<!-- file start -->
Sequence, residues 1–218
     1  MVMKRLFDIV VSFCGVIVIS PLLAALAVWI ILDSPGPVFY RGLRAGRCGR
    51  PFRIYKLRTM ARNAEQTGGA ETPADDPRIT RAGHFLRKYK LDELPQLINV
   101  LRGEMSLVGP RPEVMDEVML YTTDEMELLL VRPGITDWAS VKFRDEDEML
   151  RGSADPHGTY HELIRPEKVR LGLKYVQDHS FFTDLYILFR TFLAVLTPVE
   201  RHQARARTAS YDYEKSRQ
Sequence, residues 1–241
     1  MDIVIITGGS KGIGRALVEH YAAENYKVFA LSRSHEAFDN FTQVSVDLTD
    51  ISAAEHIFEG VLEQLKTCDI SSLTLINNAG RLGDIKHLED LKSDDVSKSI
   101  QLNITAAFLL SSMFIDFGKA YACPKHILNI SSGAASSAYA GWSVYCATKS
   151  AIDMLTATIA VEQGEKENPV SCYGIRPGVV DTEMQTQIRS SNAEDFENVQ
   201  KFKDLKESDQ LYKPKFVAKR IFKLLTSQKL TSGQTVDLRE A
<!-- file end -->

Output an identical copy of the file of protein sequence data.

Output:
Sequence, residues 1–218
     1  MVMKRLFDIV VSFCGVIVIS PLLAALAVWI ILDSPGPVFY RGLRAGRCGR
    51  PFRIYKLRTM ARNAEQTGGA ETPADDPRIT RAGHFLRKYK LDELPQLINV
   101  LRGEMSLVGP RPEVMDEVML YTTDEMELLL VRPGITDWAS VKFRDEDEML
   151  RGSADPHGTY HELIRPEKVR LGLKYVQDHS FFTDLYILFR TFLAVLTPVE
   201  RHQARARTAS YDYEKSRQ
Sequence, residues 1–241
     1  MDIVIITGGS KGIGRALVEH YAAENYKVFA LSRSHEAFDN FTQVSVDLTD
    51  ISAAEHIFEG VLEQLKTCDI SSLTLINNAG RLGDIKHLED LKSDDVSKSI
   101  QLNITAAFLL SSMFIDFGKA YACPKHILNI SSGAASSAYA GWSVYCATKS
   151  AIDMLTATIA VEQGEKENPV SCYGIRPGVV DTEMQTQIRS SNAEDFENVQ
   201  KFKDLKESDQ LYKPKFVAKR IFKLLTSQKL TSGQTVDLRE A